Neuroimaging of the Aging Brain: Introduction to the Special Issue of Neuropsychology Review
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Everyone knows what cognitive aging is, to borrow from William James’ famous definition of attention (James 1890). Cognitive aging is a gradual, late-life decline in cognitive performance, experienced to a degree by most individuals fortunate to reach old age (Grady 2008). Decades of scientific research have shown that there exist age-correlated deficits both in basic cognitive processes (such as speed of processing) and in higher-order cognitive functions, particularly episodic memory (ability to recall events) and cognitive control (ability to control our behaviors). Cognitive aging research also indicates that while some functions decline, others remain relatively intact and may even improve with age (such as semantic knowledge (Grady and Craik 2000; Park and Reuter-Lorenz 2009; Salthouse 2004, 2009)). Still, relatively subtle declines in cognitive performance—for example, in memory and executive functions—are frequently observed in rigorous studies of older adults without clinical conditions. This phenomenon of age-associated cognitive declines, unrelated to detectable clinical processes and distinct from Mild Cognitive Impairment (MCI), is often termed “normal” or “healthy cognitive aging,” and these elders are considered “cognitively normal” or “cognitively healthy older adults.” Even such mild cognitive declines, however, can affect functionally relevant clinical outcomes related to older age including increasing the rate of hospitalization (Wilson et al. 2014) and predicting poorer medication adherence (Hayes et al. 2009).
Brain structural morphology differs with age (DeCarli et al. 2005; Fjell et al. 2013; Head et al. 2008; Raz et al. 1998; Raz et al. 1997, 2005) and accompanies age-related differences in cognition. These differences are regionally specific with the most consistent and notable age-related differences in frontal lobar and medial temporal regions (Buckner 2004; DeCarli et al. 2005; Fjell et al. 2014; Head et al. 2008; Raz et al. 1998). Newer and more technologically sophisticated imaging tools have also identified relevant age-related differences in white matter microstructure which may either underpin gray-matter atrophy differences or accompany such differences (Andrews-Hanna et al. 2007; O’Sullivan et al. 2001; Sullivan et al. 2001; Sullivan and Pfefferbaum 2006, 2007). The notion of age-related dysfunction of specific brain systems has led to the development of a host of theories aimed at integrating these two apparently related processes. The frontal theory of aging, which is consistent with the known age-related differences in frontal gray matter, is one early example (West 1996). Another theory (Salthouse 1988, 1996, 2000; Salthouse and Lichty 1985) invoked the notion of slowed or degraded signal processing, which is finding greater supportive evidence through the study of white matter microstructure. Of course these are only two of the many theories. As our knowledge of cognitive processes expands, more refined hypotheses such as that of separate and dissociable memory processes related to familiarity and recall as discussed in papers by Schoemaker and colleagues and Koen and Yonelinas in this issue (Schoemaker et al. 2014 and Koen and Yonelinas 2014) are being developed. Novel hypotheses incorporate individual differences in cognitive aging through forms of reserve capacity as discussed in this issue by Reuter-Lorenz and Park (Reuter-Lorenz and Park 2014). These relatively recent hypotheses also have recognized discrete anatomical underpinnings that may be further understood by imaging and physiological techniques on the scientific horizon.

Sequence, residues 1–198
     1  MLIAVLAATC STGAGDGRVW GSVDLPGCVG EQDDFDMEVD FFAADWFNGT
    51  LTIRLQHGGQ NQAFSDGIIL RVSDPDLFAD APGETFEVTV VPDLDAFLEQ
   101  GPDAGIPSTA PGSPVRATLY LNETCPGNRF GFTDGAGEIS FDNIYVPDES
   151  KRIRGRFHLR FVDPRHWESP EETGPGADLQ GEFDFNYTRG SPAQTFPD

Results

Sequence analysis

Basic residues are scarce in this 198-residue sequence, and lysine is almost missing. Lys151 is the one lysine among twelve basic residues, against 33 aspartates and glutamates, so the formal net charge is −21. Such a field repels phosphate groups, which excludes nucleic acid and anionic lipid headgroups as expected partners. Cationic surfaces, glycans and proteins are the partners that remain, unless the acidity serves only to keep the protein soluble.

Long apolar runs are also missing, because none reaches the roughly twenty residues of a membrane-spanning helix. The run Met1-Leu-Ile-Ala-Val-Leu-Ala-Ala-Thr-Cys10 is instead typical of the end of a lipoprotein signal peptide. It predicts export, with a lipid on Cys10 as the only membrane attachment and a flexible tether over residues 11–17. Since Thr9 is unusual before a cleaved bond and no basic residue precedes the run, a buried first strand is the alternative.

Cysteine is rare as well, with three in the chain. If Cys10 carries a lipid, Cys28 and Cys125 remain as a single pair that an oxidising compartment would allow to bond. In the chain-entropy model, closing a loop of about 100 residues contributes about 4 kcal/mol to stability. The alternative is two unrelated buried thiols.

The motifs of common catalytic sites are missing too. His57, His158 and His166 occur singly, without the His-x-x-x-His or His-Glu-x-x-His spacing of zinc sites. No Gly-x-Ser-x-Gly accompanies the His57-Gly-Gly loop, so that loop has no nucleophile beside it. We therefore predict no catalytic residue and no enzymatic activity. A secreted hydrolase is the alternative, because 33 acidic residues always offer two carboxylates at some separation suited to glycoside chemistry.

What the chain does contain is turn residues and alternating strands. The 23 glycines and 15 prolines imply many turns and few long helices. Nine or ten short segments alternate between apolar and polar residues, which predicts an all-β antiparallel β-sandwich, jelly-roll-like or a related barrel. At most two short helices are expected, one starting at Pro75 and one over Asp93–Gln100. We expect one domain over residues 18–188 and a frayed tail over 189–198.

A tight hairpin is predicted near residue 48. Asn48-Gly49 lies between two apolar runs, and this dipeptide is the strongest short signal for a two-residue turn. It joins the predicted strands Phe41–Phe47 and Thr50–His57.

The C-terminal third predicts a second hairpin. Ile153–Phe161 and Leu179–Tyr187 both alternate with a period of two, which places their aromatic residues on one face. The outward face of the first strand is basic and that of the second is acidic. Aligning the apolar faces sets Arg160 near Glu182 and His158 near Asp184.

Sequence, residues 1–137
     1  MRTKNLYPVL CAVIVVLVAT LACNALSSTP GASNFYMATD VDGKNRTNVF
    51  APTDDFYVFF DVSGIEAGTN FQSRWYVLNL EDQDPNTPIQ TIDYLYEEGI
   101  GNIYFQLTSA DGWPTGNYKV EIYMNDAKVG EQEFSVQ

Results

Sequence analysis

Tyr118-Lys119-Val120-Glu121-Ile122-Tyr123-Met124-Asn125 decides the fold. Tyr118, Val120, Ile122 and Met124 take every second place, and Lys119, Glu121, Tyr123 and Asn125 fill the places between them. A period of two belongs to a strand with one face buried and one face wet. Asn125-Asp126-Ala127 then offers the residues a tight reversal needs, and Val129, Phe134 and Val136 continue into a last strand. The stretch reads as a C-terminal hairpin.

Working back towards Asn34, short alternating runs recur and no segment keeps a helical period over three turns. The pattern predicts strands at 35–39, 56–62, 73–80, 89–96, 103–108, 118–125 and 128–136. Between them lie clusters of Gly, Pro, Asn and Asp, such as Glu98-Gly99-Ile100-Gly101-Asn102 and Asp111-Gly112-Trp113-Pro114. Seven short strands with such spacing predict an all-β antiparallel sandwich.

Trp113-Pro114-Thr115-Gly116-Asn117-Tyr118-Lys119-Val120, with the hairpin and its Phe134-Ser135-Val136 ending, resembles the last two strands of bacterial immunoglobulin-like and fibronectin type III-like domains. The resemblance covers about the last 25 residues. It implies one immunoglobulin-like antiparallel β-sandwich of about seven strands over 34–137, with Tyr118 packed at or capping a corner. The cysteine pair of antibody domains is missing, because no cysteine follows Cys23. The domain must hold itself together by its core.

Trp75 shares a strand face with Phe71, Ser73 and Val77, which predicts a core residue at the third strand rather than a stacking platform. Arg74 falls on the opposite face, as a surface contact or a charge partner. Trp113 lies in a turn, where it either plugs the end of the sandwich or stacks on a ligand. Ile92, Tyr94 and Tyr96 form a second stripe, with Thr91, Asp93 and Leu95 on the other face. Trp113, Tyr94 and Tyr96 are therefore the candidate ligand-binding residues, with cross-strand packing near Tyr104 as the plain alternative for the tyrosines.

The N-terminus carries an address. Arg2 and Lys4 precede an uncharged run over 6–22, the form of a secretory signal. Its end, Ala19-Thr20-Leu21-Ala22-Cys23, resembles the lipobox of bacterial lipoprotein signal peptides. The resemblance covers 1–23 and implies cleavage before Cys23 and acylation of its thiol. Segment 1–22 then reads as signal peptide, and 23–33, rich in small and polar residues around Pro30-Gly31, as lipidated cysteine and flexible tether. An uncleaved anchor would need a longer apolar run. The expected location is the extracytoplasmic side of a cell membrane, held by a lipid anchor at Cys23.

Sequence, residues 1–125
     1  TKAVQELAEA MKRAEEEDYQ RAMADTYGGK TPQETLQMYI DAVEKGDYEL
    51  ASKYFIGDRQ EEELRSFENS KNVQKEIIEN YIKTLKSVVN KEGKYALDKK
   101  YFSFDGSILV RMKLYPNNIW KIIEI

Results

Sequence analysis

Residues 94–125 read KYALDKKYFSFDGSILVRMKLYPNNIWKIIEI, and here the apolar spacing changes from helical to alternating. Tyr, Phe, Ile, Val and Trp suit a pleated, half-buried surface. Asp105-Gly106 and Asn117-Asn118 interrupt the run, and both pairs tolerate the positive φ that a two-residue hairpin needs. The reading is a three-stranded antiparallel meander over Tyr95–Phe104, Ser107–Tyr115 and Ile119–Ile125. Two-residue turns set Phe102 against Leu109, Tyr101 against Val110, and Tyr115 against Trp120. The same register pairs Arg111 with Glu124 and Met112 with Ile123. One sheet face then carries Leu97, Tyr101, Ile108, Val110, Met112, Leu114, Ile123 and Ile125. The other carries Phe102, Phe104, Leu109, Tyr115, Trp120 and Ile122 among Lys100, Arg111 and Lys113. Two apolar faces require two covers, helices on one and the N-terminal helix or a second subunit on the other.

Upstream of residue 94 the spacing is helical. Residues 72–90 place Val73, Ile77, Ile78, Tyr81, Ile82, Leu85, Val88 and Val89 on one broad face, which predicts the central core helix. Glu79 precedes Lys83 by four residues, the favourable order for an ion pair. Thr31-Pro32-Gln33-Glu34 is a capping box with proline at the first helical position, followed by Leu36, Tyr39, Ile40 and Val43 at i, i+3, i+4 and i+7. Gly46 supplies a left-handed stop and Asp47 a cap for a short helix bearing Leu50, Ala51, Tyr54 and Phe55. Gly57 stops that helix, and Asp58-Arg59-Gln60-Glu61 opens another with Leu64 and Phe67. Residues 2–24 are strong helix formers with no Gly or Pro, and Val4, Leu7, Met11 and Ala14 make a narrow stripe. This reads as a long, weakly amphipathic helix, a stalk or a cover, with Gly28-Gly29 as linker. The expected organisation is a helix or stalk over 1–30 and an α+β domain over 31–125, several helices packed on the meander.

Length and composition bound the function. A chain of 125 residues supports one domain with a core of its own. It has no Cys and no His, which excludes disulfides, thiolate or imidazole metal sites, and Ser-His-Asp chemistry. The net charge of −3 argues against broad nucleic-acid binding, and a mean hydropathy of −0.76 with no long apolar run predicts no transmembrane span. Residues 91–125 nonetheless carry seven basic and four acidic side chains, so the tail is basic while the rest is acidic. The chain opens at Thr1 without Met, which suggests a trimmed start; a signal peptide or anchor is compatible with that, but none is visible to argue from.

Study of the aging brain cannot be fully understood without knowledge of common age-related diseases (DeCarli 2013) and genetic influences (Atwood et al. 2004; Bis et al. 2012; Carmelli et al. 1998; DeStefano et al. 2009; Ikram et al. 2012; Pfefferbaum et al. 2000). Advanced age is associated with multiple overlapping biological processes that adversely affect brain structure and function. Such processes include Alzheimer’s disease (AD) and cerebrovascular disease (CVD), which are nearly equally prevalent with advancing age (Seshadri and Wolf 2007). Moreover, both AD and CVD processes are known to have an extended prodromal state during which an individual appears “normal” (Debette et al. 2011; DeCarli et al. 1995; Jack et al. 2013; Pike et al. 2007; Rowe et al. 2010; Sperling et al. 2011; Swan et al. 1998, 2000). Brain aging refers to imaging signs of age-related changes absent clinically significant cognitive impairment; however, it remains unclear as to what extent these differences are “normal,” and to which biological processes differences in brain structure and function can be attributed. As the brain provides the substrate for cognition, brain aging and cognitive aging are, by definition, closely linked (Grady 2008).